New Yorkers have given up a lot during the coronavirus crisis.
They shouldn’t be allowed to give up safety.
But that’s what the state is doing by continually extending the dates for when motorists have to have their vehicles inspected.
Motorists whose inspections expired in March have been granted regular exemptions for getting an inspection for months. Last week, the governor extended the exemption until Nov. 3. Who knows if he’ll extend it again?
Naturally, many of us are happy we don’t have to get our cars inspected. No forking over the 21 bucks for the inspection. No facing potential repair costs from bald tires or worn brake pads or a busted tail light or a faulty emissions sensor. We can drive right by the cops with our old sticker on the windshield and not worry about getting a ticket.
But there are trade-offs to this little convenience. And the biggest is safety.
There are good reasons for the state to require motorists to get their vehicles inspected. It’s to ensure your car is safe for you and other drivers.
During inspections, mechanics check brakes, steering, the integrity of your chassis, front-end stability, suspension, the condition of your tires, lights and mirrors, your windshield for cracks and visibility, windshield wipers and emissions.
Tires that have worn tread don’t stop as well in the snow and don’t control the car as well in the rain.
That burned-out brake light that you didn’t notice might be what prevents the car behind you from reacting in time to you coming to a sudden stop.
If your steering wheel has too much play in it, you might not be able to turn quickly to avoid a crash.
And if any element of your vehicle’s complex braking system is damaged or worn, well, they’re brakes — they’re designed to make sure your car stops when you want it to.
With winter coming, it’s all the more urgent that people’s vehicles be prepared for the extra stress.
It’s not just bald tires that are a problem on snowy roads. Rust and corrosion from road salt can damage brakes and vehicle undercarriages. If they were already faulty, the winter will make them worse more quickly.
A mechanic doing an inspection will be able to identify any problem with these systems and require you to make necessary repairs.
It’s not a punishment. It’s to protect motorists, pedestrians and bicyclists from harm. Between March and August, the state had performed 739,000 fewer inspections than the same period the year before, according to a Gannett report. That’s potentially thousands of vehicles being driven around with safety problems.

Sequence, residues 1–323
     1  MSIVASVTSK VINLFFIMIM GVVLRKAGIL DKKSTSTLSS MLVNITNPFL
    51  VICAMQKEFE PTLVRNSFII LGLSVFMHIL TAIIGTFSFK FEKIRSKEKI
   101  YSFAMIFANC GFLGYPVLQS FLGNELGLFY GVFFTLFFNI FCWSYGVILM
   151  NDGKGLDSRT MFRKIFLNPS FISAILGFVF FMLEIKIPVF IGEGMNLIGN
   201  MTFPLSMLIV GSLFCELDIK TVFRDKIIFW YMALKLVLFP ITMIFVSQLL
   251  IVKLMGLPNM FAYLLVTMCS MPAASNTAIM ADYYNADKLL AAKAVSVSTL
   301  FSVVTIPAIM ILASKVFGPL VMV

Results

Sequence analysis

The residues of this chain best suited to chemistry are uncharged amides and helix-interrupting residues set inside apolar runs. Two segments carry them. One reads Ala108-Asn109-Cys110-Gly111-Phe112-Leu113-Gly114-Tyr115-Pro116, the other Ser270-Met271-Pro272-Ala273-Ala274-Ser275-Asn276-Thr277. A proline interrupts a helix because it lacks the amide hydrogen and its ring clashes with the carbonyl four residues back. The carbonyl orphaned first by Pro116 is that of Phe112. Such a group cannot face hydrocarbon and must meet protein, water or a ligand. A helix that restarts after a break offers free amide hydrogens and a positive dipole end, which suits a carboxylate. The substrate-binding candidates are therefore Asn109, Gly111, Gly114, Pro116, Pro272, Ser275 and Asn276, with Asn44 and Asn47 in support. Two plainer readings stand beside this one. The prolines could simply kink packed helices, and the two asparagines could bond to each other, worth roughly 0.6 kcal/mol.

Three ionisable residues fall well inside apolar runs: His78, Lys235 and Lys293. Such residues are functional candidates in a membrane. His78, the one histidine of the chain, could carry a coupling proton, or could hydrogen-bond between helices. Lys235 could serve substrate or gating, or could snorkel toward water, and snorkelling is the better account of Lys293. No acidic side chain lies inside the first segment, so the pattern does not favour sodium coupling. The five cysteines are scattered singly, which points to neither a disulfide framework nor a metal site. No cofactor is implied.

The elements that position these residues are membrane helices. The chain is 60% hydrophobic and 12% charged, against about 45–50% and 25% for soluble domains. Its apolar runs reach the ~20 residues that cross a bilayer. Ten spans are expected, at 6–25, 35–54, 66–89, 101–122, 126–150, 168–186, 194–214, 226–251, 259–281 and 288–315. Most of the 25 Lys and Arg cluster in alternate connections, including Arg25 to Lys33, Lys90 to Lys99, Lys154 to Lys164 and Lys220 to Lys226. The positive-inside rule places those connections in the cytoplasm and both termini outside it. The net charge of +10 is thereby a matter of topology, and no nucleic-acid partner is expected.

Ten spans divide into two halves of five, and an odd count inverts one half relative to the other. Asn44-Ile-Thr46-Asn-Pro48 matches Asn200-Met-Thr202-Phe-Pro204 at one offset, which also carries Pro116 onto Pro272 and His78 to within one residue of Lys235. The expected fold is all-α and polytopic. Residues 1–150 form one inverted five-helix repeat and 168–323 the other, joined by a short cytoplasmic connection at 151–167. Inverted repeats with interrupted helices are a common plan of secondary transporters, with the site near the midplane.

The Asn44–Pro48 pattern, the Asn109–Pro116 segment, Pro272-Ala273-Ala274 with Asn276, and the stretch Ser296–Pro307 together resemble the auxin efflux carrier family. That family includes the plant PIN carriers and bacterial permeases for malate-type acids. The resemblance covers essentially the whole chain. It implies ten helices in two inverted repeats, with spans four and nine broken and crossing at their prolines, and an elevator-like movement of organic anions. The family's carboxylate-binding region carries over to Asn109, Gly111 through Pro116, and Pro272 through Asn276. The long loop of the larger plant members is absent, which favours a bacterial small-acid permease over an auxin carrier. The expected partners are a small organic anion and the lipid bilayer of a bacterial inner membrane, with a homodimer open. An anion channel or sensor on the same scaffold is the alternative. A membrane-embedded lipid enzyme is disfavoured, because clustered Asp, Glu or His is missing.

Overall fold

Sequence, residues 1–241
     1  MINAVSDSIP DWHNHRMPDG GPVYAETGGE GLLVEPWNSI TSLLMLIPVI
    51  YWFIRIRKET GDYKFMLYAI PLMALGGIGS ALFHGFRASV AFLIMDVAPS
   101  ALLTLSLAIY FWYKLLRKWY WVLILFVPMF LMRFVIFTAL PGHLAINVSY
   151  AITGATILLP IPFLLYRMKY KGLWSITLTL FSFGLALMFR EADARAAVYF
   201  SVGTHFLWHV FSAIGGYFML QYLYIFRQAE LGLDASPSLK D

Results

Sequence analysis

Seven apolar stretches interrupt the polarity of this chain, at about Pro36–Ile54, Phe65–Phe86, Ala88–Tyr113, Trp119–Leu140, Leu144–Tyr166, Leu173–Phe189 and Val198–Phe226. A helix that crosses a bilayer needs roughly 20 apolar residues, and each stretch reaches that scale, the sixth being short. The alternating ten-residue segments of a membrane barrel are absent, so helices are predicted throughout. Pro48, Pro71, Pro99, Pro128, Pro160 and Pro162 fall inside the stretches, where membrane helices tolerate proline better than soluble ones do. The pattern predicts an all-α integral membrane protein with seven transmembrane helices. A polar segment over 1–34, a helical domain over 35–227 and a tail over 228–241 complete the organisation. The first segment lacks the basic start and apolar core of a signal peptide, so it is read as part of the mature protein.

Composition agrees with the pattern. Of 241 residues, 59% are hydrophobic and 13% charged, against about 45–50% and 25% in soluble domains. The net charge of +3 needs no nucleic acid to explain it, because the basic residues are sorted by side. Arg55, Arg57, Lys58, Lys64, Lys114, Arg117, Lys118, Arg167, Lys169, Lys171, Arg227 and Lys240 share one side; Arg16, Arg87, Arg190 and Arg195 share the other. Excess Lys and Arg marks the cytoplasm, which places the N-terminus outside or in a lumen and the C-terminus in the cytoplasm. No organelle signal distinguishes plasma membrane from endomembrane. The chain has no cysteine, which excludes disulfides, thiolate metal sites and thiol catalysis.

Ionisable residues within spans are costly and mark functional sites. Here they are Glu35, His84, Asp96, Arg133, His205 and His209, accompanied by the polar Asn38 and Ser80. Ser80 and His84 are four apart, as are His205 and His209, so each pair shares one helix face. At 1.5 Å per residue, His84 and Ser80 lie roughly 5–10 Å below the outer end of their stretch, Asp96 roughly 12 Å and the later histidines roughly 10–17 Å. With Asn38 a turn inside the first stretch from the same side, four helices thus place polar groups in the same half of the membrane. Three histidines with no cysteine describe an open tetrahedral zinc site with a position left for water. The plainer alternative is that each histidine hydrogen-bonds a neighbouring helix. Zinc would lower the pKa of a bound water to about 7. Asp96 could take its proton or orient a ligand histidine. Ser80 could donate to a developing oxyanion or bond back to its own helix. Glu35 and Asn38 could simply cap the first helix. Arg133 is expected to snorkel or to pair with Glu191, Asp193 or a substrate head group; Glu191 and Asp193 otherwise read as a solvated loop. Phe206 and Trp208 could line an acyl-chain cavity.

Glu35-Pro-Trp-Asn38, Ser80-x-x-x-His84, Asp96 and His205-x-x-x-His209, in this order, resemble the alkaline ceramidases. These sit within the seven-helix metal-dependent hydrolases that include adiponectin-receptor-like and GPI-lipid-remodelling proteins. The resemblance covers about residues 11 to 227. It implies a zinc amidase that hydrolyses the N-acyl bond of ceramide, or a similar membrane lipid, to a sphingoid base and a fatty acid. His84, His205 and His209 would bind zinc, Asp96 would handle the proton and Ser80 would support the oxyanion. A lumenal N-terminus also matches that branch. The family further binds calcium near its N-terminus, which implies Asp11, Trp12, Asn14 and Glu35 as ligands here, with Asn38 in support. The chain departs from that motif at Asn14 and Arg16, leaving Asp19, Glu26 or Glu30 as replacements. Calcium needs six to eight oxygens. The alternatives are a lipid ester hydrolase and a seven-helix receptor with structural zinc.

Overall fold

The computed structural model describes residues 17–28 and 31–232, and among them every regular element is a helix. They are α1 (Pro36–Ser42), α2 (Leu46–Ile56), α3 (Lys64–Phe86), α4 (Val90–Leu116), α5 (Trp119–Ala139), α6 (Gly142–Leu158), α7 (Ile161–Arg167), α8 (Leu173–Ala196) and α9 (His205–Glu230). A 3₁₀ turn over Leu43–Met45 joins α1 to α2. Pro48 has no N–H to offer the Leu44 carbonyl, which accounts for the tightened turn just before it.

Some might argue that since people haven’t been driving as much during the crisis, their vehicles aren’t experiencing the same wear and tear, and therefore don’t need to be inspected as frequently. But vehicles that sit around can also fall into disrepair simply from lack of use.
There’s no reason now for the state not to require inspections, nor to have not been requiring them all along.
Auto repair stations were part of the Phase 1 reopening that began May 15. Yet drivers have been allowed to forgo inspections even since then.
The problem with allowing that much time to pass, and the problem going forward, is that if all expired inspections from March until now come due on one date, auto repair shops will be inundated with inspection appointments and the accompanying repairs. Car owners desperate to get their vehicles inspected to avoid a $100 ticket or a safety issue will be climbing over one another to get their inspections done.
One way to avoid that is that if your inspection is currently expired, make an appointment for an inspection now. Don’t wait until the state requires you do to it.
Avoid the rush and get it over with.
Another way for the state to handle this might be to begin phased-in inspections, requiring the vehicles with the longest expired inspections to be inspected first, then setting dates for, say, May and June inspections, July and August inspections, etc.
The state also might allow a grace period, where motorists get a warning instead of a ticket if they go a little over the date.
The whole inspection issue also raises the opportunity for the state to examine its inspection requirement and determine if it should be modified or relaxed.
Some studies have shown no correlation between inspections and motor vehicle accidents, arguing that crashes are more likely the fault of the driver than mechanical error. But the fact that mechanical issues aren’t as much of a factor actually makes the case for regular safety inspections.
Some argue that the state’s inspection requirement was designed for vehicles manufactured in the 1970s.
Today’s more sophisticated vehicles, with all their computer controls and monitors, might not require the same degree of scrutiny as in the past.
Some contend that annual inspections are just a way for the state to collect money from its citizens and prop up the state’s auto repair industry. Certainly those are issues worthy of examination.
Maybe after a full-scale study by a legislative commission, the state can eventually relax the inspection requirement for newer vehicles or specific models with a stronger safety record. Maybe inspections don’t need to be done every year. Maybe the requirement can be relaxed to every two years.
But the fact of the matter right now is that inspections are designed to promote safety on the roads. And the $20 or so you pay is a small price for the peace of mind an inspection provides and the potential identification of a safety problem that could save your life, the lives of your passengers or the lives of other motorists on the road.
The state should restore the inspection requirement as soon as possible, maybe by phasing in older inspections at first, and stop granting extensions.
The COVID crisis is a health crisis.
It shouldn’t become a highway safety crisis as well.